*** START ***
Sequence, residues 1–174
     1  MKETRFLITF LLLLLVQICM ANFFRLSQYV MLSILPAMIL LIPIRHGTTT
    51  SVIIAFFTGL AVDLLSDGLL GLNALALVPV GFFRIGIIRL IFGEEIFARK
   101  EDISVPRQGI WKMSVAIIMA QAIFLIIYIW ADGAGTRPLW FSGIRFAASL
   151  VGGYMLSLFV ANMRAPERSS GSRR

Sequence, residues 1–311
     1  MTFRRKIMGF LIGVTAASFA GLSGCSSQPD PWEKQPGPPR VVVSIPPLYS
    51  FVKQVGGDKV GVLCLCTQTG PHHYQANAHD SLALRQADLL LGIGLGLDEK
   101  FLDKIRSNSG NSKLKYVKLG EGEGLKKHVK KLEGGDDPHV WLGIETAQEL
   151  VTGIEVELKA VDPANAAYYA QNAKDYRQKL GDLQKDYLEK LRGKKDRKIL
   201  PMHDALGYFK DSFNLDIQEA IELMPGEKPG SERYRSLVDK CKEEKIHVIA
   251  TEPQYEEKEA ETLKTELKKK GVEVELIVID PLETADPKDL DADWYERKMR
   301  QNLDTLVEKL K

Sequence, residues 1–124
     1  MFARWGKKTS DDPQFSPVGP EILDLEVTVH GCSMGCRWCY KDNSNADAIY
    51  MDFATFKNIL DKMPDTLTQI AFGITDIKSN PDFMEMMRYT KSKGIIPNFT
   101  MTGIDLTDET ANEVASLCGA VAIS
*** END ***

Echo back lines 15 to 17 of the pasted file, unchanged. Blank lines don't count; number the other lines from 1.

     1  MFARWGKKTS DDPQFSPVGP EILDLEVTVH GCSMGCRWCY KDNSNADAIY
    51  MDFATFKNIL DKMPDTLTQI AFGITDIKSN PDFMEMMRYT KSKGIIPNFT
   101  MTGIDLTDET ANEVASLCGA VAIS